The City of Phoenix has issued further requirements on PV Rapid Shutdown Signage. The fire code (2018 INTERNATIONAL FIRE CODE WITH PHOENIX AMENDMENTS) states exactly what these signs should say and exactly what they should look like. Installers must ensure that the following rapid shutdown signage is in place before requesting an fire inspection. Below is the code language and pictures of the signs.
1204.5 Buildings with rapid shutdown. Buildings with rapid shutdown solar photovoltaic systems shall have permanent labels in accordance with Sections 1204.5.1 through 1204.5.3.
1204.5.1 Rapid shutdown type. The type of solar photovoltaic system rapid shutdown shall be labeled with one of the following:
1. For solar photovoltaic systems that shut down the array and the conductors leaving the array, a label shall be provided. The first two lines of the label shall be uppercase characters with a minimum height of 3⁄8 inch (10 mm) in black on a yellow background. The remaining characters shall be uppercase with a minimum height of 3/16 inch (5 mm) in black on a white background. The label shall be in accordance with Figure 1204.5.1(1) and state the following:
SOLAR PV SYSTEM EQUIPPED WITH
RAPID SHUTDOWN. TURN RAPID
SHUTDOWN SWITCH TO THE “OFF”
POSITION TO SHUT DOWN PV SYSTEM
AND REDUCE SHOCK HAZARD IN ARRAY.
2. For photovoltaic systems that only shut down conductors leaving the array, a label shall be provided. The first two lines of the label shall be uppercase characters with a minimum height of 3/8 inch (10 mm) in white on a red background and the remaining characters shall be capitalized with a minimum height of 3/16 inch (5 mm) in black on a white back-ground.
THIS SOLAR PV SYSTEM EQUIPPED WITH
RAPID SHUTDOWN. TURN RAPID
SHUTDOWN SWITCH TO THE “OFF”
POSITION TO SHUT DOWN CONDUCTORS
OUTSIDE THE ARRAY. CONDUCTORS
WITHIN ARRAY REMAIN
ENERGIZED IN SUNLIGHT.
122.214.171.124 Diagram. The labels in Section 1204.5.1 shall include a simple diagram of a building with a roof. Diagram sections in red signify sections of the solar photovoltaic system that are not shut down when the rapid shutdown switch is turned off.
1126.96.36.199 Location. The rapid shutdown label in Section 1204.5.1 shall be located not greater than 3 feet (914 mm) from the service disconnecting means to which the photovoltaic systems are connected, and shall indicate the location of all identified rapid shutdown switches if not at the same location.
1204.5.2 Buildings with more than one rapid shutdown type. Solar photovoltaic systems that contain rapid shutdown in accordance with both Items 1 and 2 of Section 1204.5.1 or solar photovoltaic systems where only portions of the systems on the building contain rapid shutdown, shall provide a detailed plan view diagram of the roof showing each different photovoltaic system and a dotted line around areas that remain energized after the rapid shutdown switch is operated.
1204.5.3 Rapid shutdown switch. A rapid shutdown switch shall have a label located not greater than 3 feet (914 mm) from the switch that states the following:
RAPID SHUTDOWN SWITCH
FOR SOLAR PV SYSTEM
Deputy Fire Marshal
Phoenix Fire Department
In 2015 SRP became anti-solar when it adopted special solar rates (E27) with some high demand charges, etc. SolarCity, later acquired by Tesla, challenged SRP’s discriminatory solar rates on antitrust grounds. SolarCity/Tesla took the case to the Supreme Court after a lower court rejected its request to dismiss the case. SRP reached a settlement with Tesla before the Supreme Court hearing, and the discriminatory fees were left in place. As part of the settlement SRP agreed to purchase a 25 megawatt/100 MW-hour battery energy storage system from Tesla. This meant that the basic reasons for the lawsuit, challenging the discriminatory rates, were not subject to court review and a chance to rule against SRP. The Center for Biological Diversity filed an Amicus brief against SRP’s motion to dismiss in order to have the Supreme Court consider the antitrust grounds.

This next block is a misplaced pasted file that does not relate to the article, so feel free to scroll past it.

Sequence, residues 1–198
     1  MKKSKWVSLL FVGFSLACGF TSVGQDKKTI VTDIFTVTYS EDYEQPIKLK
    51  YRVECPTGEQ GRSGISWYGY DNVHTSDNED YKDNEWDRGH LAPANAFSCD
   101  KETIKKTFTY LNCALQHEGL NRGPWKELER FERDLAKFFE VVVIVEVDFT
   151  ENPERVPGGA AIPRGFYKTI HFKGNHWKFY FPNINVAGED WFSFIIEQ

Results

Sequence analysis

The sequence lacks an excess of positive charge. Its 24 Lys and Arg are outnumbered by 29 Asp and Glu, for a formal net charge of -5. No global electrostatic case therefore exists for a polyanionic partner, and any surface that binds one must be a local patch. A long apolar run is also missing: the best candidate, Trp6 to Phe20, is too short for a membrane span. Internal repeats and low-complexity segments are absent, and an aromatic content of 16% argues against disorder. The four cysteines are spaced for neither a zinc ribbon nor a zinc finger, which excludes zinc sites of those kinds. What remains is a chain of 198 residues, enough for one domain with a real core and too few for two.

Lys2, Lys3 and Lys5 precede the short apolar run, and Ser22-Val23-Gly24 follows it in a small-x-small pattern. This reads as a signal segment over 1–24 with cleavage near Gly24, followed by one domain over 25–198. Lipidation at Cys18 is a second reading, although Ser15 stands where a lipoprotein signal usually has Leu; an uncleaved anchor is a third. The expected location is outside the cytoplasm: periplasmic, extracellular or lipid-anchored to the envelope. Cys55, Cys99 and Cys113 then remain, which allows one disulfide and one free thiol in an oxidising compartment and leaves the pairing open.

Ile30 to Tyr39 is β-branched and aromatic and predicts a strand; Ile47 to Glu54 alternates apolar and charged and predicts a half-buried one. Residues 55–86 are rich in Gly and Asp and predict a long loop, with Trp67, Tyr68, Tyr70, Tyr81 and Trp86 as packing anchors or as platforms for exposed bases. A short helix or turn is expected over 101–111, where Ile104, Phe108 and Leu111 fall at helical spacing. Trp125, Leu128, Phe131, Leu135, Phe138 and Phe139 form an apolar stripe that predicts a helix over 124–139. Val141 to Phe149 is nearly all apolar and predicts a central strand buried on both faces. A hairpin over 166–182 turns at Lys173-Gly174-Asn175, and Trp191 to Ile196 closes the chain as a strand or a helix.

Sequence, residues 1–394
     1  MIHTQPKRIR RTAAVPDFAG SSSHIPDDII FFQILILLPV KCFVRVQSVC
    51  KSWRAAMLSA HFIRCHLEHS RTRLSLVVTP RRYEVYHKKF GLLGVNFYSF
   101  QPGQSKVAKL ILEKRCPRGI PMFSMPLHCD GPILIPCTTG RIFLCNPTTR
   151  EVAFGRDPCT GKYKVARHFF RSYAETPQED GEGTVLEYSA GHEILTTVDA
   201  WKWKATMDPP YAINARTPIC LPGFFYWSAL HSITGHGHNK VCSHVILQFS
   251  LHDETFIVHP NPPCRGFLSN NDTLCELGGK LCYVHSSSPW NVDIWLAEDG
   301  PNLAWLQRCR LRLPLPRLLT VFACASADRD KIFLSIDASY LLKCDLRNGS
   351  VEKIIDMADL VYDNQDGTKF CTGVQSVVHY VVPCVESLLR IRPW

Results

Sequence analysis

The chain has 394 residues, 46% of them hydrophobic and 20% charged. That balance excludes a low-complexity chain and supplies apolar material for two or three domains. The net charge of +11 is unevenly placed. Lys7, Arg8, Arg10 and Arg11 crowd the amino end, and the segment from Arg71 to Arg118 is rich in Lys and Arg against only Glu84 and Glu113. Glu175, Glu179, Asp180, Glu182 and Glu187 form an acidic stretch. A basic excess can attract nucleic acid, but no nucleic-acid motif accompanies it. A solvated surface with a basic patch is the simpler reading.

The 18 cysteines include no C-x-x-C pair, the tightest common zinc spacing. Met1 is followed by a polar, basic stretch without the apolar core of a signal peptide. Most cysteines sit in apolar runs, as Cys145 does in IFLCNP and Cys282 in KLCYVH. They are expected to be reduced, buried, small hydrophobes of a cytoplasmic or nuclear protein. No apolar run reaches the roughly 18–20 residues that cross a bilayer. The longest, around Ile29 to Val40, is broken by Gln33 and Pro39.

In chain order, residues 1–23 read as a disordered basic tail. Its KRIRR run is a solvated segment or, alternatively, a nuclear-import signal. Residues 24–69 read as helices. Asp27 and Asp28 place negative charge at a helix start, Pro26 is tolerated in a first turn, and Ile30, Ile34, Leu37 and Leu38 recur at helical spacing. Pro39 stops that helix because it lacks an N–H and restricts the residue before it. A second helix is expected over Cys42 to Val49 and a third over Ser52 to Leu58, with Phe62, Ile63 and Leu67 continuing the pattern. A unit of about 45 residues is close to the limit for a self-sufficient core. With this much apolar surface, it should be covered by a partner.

The SRP rates have been proven to stifle rooftop solar, reducing new installations in SRP service areas while installations in other areas of Arizona increased. SolarCity claimed that SRP’s discriminatory solar rate structure is an obstacle to clean energy transition, because it undermines the value of homeowner investment in these systems. The solar rates were not examined by the courts, SRP basically claimed that it was exempt from regulation in this situation.
The Center for Biological Diversity is an Arizona-based non-profit environmental organization dedicated to the preservation, protection and restoration of biodiversity, ecosystems, and public health. On behalf of its more than 1.5 million members and online activists nationwide, including more than 890 members, and over 15,000 supporters, who live in SRP service territory, the Center advocates for a rapid transition to a clean and just energy system that optimizes renewable energy sources such as distributed solar in order to reduce U.S. greenhouse gas (“GHG”) emissions and combat climate change.
The Center filed an Amicus brief to present three discrete arguments against SRP’s motion to dismiss. First, SRP should not be permitted to rely on state action immunity to shield its discriminatory rate structure from antitrust liability, and certainly not at the pleading stage. Second, state-action immunity for utilities like SRP should in any event be constrained to open the door for distributed solar competition. And finally, SRP is violating the Equal Protection clause because its anti-solar electricity rates have no rational basis.
Charles W. Thurston has a good article on this subject in CleanTechnica:Arizona’s Salt River Project Utility Challenged On High Rooftop Solar Rates